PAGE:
PROGRAM for the STUDY of ETHNICITY, RACE and CULTURE
The Program for the Study of Ethnicity, Race, and Culture (PSERC) is a campus-wide program of Rice University's Kinder Institute for Urban Research. Our program’s core aim is to explore the meaning of living race in an increasingly complex racial world. We enact this vision through conducting research projects under this larger theme, convening conversations amongst academics and the public at large, and providing various “tools” to advance understanding of what race.
Why a Program on Race
Race is complicated, especially in Houston. Houston stands as one of the most ethnically and racially diverse cities and one of the only cities with no clear racial majority . What does this diversity mean on the ground? Race is “lived” in our interactions with friends, relatives, even strangers, and is also experienced when we fill out forms, apply for jobs, and even look for housing. While many see race as mattering less to how we live our lives, there are many signs that it matters as much or more to how we see ourselves and how we are seen by others. And yet, what that means and how that becomes “real” to the individual is not straightforward.
What are the complex ways that race is lived today?
PSERC’s devoted effort to addressing this core issue. Recently, we convened conference titled Measuring the Diverging Components of Race In Multiracial America (MDCR) aimed at exploring the essential question: do we need more than one way to measure an individual’s race? The conference brought together an array of scholars to examine the new and multi-faceted ways race is captured in research-such as skin color, through observations by outsiders, and how individual’s think they are perceived by others. The conference proceedings can be found on-line. In addition, PSERC is examining how more complicated ways race is lived impacts the ways race shapes life changes in several projects. Interracial Contact and Health Project, we are exploring the ways multiracial identity, interracial family formation, and living residential integrated spaces differentiates health status and health behaviors. Other related projects include explorations of multiracial families and how they differ from monoracial families.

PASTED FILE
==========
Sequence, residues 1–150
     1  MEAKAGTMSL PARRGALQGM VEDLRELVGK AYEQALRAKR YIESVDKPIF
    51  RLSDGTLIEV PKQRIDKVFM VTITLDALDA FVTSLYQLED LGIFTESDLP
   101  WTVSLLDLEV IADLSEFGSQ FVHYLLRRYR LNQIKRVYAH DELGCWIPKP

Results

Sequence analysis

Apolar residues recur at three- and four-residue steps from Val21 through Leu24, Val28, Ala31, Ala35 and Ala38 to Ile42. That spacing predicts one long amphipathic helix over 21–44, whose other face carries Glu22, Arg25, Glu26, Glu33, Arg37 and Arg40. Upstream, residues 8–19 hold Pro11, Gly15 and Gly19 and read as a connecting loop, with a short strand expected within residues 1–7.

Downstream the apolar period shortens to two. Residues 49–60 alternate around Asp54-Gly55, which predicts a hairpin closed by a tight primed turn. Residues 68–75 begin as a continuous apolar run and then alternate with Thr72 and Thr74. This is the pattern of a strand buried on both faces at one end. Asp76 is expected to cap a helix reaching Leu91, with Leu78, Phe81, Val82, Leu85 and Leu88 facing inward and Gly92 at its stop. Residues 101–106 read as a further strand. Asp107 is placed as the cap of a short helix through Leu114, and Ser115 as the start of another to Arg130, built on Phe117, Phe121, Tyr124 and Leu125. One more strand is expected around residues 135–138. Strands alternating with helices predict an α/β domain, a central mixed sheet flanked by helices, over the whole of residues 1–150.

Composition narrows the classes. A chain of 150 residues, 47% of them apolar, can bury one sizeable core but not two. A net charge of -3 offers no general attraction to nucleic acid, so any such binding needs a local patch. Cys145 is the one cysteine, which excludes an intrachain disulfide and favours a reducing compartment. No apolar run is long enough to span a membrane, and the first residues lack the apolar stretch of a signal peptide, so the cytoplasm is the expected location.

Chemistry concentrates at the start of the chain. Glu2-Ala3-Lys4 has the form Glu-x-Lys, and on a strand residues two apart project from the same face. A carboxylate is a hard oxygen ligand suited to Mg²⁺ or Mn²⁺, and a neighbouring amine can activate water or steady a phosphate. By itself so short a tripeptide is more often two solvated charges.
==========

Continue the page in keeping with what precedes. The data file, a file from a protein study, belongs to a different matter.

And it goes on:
How can we have effective dialogue on what race means today?
PSERC regularly hosts discussions on recent books on race called Dialogue Partners. Some recent books explored were Multiplication is for White people: Raising Expectations for other People’s Children, on the experience of teachers in disadvantaged classrooms conducted with Dr. Reagan Flowers. In addition, we discussed the book on race and sport entitled 40 Million Dollar slaves hosted by Bomani Jones (ESPN correspondent).
In the realm of Teaching, PSERC also seeks to invest in shaping how instructors discuss race in their courses. In June of 2013, PSERC convened “Having the Talk: Teaching Race in the Undergraduate Classroom” an all-day symposium on how to tackle on the most challenging topics in today’s classroom. The video of most sessions and program can be found on the website.
PSERC director and Kinder co-director are co-editing a student reader on race and ethnic relationship titled Unmaking Race and Ethnicity: A Student Reader aiming at enhancing the conversation about race by meeting students where they are.
What kind of tools can improve our efforts in understanding race today?
Finally, PSERC aims to be a resource to researchers interested in the complex ways race is lived through two activities currently under development. First, we have developed the Complex Race Data Profiles – an on-line resource for researchers interested in examining complex data issues in public data. Scholars and students interested in, for example, in studying skin color, how a person’s race may change over time, or how outsiders understand an individual’s race can locate data that has this information. PSERC is also working towards developing a data library of public data in Houston neighborhoods.
Jenifer Bratter, PSERC Director - firstname.lastname@example.org